Microwave Chemistry Highlights
Hydrozirconation-Transmetalation-Aldimine Addition Sequence
Hydrozirconation is a mild method for the selective preparation of functionalized organometallics and its compatibility with a range of common protecting groups represents a considerable advantage of these species over traditional organometallic reagents. The group of Peter Wipf at the University of Pittsburgh recently reported (Org. Biomol. Chem. 2004, 2, 443. ) that the hydrozirconation of alkynes (e.g. 1) with zirconocene hydrochloride (2) can be greatly accelerated by microwave irradiation. A synthetically useful one-pot method for the preparation of allylic amides 4 was elaborated where an alkyne was first hydrozirconated by microwave irradiation, followed by rapid addition of imines in the presence of dimethyl zinc.
Ring-Closing Metathesis Reaction
Daniela Balan and Hans Adolfsson of Stockholm University have demonstrated (Tetrahedron Lett. 2004, 45, 3089. ) that functionalized 2,5-dihydropyrroles can be obtained by microwave-mediated ruthenium-catalyzed ring-closing metathesis (RCM). The required bis-olefin precursors 5 were conveniently obtained from aza-Baylis-Hillman adducts. Microwave irradiation for 1-2 min at 100 °C of a dilute solution of the diene with 5 mol% Grubbs II catalyst in dichloromethane produces the desired pyrroles 6 in high yield.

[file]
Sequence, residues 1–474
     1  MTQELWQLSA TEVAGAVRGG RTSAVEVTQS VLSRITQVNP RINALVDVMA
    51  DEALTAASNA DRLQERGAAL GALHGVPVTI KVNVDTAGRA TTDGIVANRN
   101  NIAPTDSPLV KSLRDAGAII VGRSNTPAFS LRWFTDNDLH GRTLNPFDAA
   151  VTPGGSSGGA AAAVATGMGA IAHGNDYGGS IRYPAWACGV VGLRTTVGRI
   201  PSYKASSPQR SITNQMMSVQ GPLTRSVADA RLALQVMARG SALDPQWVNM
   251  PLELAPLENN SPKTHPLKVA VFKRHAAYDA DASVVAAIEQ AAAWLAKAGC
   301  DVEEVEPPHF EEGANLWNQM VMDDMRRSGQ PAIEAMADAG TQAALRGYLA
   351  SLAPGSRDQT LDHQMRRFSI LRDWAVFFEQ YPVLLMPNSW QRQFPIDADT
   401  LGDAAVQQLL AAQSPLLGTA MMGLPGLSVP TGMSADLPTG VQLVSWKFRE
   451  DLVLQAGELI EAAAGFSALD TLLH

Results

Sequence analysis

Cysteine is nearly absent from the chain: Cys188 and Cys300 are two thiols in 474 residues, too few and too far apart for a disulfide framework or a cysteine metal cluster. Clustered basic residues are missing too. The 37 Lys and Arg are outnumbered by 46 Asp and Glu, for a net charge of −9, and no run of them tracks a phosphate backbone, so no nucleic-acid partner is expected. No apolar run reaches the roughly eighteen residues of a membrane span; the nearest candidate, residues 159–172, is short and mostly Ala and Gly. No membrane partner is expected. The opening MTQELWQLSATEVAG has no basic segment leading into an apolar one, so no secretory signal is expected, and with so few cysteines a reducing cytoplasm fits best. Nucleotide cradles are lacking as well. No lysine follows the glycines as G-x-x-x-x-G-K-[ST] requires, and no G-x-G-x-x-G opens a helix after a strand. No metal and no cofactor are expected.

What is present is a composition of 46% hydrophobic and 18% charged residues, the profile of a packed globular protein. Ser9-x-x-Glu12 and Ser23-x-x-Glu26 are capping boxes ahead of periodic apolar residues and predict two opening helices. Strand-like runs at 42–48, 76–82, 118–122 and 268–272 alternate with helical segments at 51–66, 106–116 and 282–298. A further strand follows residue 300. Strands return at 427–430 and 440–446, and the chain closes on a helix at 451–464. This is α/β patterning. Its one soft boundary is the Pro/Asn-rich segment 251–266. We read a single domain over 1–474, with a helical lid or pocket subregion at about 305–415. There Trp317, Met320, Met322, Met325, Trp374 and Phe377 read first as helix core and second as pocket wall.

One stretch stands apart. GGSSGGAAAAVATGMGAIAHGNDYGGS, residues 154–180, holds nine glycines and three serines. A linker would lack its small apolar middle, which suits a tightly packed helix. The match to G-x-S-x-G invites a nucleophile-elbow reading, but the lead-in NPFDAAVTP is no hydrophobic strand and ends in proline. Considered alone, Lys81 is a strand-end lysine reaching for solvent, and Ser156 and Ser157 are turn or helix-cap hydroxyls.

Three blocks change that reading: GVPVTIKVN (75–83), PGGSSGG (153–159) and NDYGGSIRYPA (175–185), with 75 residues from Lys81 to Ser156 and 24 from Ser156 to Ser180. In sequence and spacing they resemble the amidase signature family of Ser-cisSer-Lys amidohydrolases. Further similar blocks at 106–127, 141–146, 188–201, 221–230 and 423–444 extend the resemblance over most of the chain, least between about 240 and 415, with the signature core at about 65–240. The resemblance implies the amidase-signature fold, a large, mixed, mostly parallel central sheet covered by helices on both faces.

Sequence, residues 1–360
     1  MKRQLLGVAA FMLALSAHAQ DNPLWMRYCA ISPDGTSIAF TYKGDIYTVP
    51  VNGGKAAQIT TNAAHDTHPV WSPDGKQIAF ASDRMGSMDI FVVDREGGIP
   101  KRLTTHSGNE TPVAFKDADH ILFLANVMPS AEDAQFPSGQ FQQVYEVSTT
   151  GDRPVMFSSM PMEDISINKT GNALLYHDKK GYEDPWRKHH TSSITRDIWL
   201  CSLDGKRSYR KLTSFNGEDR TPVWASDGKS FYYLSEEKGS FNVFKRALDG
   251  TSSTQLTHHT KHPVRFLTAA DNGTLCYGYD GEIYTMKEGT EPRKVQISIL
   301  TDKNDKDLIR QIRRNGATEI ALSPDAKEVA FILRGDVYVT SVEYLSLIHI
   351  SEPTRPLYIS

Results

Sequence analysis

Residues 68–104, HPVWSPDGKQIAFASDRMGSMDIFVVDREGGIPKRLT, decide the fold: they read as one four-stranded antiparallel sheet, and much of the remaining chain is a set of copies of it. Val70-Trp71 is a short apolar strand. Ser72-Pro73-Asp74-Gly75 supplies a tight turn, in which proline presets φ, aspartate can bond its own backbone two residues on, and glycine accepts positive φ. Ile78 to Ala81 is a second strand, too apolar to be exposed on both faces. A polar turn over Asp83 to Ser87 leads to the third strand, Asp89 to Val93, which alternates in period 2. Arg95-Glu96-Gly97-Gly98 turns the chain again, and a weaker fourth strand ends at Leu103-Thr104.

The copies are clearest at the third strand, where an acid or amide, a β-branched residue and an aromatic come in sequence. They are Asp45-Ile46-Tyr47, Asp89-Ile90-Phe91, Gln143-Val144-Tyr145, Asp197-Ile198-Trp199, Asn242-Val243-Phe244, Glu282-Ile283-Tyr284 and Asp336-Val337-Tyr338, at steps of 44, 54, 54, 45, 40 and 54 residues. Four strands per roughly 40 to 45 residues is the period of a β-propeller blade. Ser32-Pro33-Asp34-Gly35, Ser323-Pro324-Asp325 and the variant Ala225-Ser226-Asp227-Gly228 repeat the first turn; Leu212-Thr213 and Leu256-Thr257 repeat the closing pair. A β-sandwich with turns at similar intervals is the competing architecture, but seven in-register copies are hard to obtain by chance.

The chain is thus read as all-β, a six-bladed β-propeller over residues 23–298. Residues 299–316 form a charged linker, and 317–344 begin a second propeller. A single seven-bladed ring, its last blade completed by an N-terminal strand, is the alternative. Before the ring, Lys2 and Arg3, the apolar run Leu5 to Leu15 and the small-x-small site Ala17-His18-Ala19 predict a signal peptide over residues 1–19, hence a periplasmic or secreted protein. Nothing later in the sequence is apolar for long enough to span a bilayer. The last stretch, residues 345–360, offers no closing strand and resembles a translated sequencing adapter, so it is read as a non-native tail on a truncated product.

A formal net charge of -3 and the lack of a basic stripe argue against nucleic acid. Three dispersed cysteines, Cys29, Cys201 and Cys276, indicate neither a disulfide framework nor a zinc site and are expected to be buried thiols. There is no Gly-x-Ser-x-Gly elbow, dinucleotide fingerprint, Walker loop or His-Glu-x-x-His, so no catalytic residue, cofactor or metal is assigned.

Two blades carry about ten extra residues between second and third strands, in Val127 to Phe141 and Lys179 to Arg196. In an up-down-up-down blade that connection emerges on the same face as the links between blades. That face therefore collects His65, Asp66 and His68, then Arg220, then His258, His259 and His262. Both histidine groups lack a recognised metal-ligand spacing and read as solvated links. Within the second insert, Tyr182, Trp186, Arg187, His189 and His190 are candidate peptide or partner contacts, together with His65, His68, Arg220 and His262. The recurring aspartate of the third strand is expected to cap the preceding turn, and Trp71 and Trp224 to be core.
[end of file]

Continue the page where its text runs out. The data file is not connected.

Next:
Hydration of Alkynes in Superheated Water
Anil Vasudevan and Mary K. Verzal at Abbott Laboratories have found (Synlett 2004, 631. ) that terminal acetylenes can be hydrated under neutral, metal-free conditions using water as solvent. While typically this reaction requires a catalyst such as AuBr3, employing microwave-irradiated superheated water allowed this chemistry to proceed without any catalyst in distilled water. Extension of this methodology led to a one-pot conversion of alkynes to imines (hydroamination, e.g. 7 to 8).
Nucleophilic Aromatic Substitution
A recent report by Amy Takvorian and Andy Combs of Incyte Corporation (J. Comb. Chem. 2004, 6, 171. ) discloses the rapid synthesis of 2-amino-substituted purines by rapid, microwave-assisted nucleophilic aromatic substitution (SN2Ar). Importantly, the authors describe the use of small scale reaction vessels (0.2 mL) for optimization of reaction conditions under optimal reaction concentrations.